Kangaamiut, Greenland

Aug 24, 2017 - National Geographic Explorer


Today we awoke with a certain sadness as it was to be our last full day on our Epic 80°N journey aboard the National Geographic Explorer. But our melancholy wasn’t to linger long as more adventures lay before us. Originally we had planned to spend the morning cruising the coast of Greenland, but as was often the case with this expedition, we changed our plans when new opportunities arose.  Instead we decided to visit Kangaamiut, a small fishing village south of Kangerlussuaq. Like so many other towns on the west coast of Greenland, Kangaamiut was delightfully picturesque. Quaint houses of red, blue, green and yellow were perched above a narrow harbor where fishing boats swung on their mooring buoys. The weather was incredible so we took the opportunity to walk about town as we pleased, stopping here and there to enjoy a view, or to admire the beautiful gardens, or simply to say hello to the friendly Greenlanders who call this town home. Those who engaged with the locals learned that the hunting season had just begun, which meant there would soon be fresh reindeer and muskox on the table. Skins and antlers from these animals adorned many of the homes. Several guests climbed the long stairs that alternated with steep bare rock to a hilltop overlooking the fjord and coastal waters. The view from there was spectacular and well worth the effort.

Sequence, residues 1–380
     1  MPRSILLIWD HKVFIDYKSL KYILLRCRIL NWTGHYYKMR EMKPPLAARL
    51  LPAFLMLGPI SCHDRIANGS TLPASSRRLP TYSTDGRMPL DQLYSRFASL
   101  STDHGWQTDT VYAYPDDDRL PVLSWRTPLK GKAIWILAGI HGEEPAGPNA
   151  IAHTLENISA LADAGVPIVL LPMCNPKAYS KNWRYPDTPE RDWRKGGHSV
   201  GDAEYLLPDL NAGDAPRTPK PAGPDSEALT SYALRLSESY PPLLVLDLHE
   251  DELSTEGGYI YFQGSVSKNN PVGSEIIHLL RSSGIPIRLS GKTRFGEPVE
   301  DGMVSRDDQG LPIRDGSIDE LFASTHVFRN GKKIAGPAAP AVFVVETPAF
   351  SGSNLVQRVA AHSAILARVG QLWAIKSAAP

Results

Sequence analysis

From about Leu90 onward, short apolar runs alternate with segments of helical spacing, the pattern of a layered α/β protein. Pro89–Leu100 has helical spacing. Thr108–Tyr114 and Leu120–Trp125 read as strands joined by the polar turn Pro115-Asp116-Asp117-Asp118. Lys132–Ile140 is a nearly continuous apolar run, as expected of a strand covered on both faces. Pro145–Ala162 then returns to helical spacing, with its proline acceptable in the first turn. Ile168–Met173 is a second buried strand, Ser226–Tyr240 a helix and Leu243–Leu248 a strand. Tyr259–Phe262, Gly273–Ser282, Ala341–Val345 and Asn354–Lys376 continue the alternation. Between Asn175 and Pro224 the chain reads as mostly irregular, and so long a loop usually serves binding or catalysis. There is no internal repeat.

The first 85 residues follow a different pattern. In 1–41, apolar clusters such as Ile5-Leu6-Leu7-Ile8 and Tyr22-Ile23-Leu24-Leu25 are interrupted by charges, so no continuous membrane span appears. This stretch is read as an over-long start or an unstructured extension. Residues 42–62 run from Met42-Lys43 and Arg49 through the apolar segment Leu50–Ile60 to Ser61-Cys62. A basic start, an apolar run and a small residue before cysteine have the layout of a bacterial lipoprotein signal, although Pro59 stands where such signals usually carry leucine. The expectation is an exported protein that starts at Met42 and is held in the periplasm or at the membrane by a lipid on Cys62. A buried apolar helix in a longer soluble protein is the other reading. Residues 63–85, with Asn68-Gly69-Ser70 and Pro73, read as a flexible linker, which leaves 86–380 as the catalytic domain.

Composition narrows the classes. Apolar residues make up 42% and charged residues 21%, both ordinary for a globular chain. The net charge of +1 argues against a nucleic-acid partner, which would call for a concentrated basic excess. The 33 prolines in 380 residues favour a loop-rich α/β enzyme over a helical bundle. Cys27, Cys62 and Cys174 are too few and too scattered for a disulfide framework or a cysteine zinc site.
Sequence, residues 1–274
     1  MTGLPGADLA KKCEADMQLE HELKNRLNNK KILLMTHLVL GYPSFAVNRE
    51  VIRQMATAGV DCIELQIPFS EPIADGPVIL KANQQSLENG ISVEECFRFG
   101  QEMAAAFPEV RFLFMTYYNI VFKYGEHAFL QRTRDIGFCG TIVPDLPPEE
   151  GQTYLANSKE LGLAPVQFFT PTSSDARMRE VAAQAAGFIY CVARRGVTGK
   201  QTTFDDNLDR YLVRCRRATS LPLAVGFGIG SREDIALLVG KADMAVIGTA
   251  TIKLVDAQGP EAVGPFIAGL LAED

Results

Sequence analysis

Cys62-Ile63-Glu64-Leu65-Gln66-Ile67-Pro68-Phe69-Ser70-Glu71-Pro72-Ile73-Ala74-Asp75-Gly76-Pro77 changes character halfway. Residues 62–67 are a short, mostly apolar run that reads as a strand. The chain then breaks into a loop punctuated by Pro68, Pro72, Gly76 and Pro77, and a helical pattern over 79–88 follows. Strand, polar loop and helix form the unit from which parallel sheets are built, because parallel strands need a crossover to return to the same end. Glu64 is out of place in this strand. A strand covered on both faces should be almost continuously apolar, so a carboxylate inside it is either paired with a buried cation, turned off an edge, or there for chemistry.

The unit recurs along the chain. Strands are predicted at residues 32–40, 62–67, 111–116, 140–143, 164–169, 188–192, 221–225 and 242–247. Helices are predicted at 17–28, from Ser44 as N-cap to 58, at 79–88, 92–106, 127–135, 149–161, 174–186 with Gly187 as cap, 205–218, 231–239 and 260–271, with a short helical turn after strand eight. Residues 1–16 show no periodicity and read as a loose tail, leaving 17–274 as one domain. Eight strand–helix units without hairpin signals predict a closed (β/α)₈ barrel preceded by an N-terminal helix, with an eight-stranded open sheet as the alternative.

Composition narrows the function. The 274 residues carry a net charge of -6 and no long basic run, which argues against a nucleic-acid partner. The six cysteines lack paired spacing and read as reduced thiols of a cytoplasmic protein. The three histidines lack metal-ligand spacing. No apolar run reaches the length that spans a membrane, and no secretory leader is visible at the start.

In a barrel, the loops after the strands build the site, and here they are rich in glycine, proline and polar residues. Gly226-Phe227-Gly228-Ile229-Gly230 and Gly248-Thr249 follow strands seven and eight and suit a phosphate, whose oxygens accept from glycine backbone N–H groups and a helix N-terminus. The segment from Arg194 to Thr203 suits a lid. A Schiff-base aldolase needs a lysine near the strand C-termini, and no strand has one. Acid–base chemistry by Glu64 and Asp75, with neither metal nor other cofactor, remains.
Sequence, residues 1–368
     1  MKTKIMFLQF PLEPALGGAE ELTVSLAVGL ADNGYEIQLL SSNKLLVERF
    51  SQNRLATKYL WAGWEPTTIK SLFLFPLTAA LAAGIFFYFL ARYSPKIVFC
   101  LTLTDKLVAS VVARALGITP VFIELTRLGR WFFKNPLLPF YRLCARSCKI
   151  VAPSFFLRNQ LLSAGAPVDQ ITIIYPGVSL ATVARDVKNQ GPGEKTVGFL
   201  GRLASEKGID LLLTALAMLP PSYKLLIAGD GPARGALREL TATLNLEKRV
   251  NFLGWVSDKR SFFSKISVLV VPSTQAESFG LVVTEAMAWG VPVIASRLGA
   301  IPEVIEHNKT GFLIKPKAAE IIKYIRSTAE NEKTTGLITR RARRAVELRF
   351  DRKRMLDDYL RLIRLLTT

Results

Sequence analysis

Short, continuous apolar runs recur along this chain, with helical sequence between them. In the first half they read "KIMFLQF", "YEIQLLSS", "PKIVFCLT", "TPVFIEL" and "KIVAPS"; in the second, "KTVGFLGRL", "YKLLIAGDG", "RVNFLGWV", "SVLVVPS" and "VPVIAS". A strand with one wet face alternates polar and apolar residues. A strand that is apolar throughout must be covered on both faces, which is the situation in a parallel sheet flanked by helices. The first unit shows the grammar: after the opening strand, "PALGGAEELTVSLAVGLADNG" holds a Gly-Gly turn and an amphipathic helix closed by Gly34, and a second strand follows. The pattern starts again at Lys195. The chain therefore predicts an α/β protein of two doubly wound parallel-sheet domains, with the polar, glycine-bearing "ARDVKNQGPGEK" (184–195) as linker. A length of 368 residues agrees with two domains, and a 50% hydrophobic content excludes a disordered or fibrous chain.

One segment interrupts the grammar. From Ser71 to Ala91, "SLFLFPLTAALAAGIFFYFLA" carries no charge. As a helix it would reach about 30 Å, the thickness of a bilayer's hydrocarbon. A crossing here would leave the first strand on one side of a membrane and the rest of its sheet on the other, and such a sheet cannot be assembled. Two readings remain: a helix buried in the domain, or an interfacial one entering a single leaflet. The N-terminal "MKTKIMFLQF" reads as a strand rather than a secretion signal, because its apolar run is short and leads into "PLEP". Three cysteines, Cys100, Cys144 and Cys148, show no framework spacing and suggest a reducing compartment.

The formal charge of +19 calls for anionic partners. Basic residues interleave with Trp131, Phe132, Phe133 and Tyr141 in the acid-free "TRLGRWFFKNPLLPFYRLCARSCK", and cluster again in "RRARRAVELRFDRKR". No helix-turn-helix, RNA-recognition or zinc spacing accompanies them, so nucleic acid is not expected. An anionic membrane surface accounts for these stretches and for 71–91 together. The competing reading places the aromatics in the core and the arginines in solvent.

Once back on board, we made our way to the lounge to watch the Guest Slideshow. Throughout the voyage, guests contributed some of their favorite images from the trip and photo instructor Eric Guth assembled them into an enjoyable slideshow. We couldn’t help but laugh as we looked back at the adventures that we have had. When the slideshow was over, Captain Skog toasted the journey and offered a final farewell. We all agreed with him that this truly was an epic journey that we won’t soon forget.

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About the Author

Andy Szabo

Naturalist

Originally from Hamilton, Ontario, Canada, Andy moved from the whale-impoverished shores of Lake Ontario to the west coast of British Columbia to pursue his passion for marine mammals and marine biology.  Andy received his bachelor's and master's degrees from the University of Victoria, and was subsequently awarded his doctorate through the Marine Mammal Institute at Oregon State University.  His graduate work focused on the maternal behavior and foraging ecology of Southeast Alaskan humpback whales; however, he has also participated in studies focused on other marine mammals, including blue, fin, grey, sperm and killer whales.

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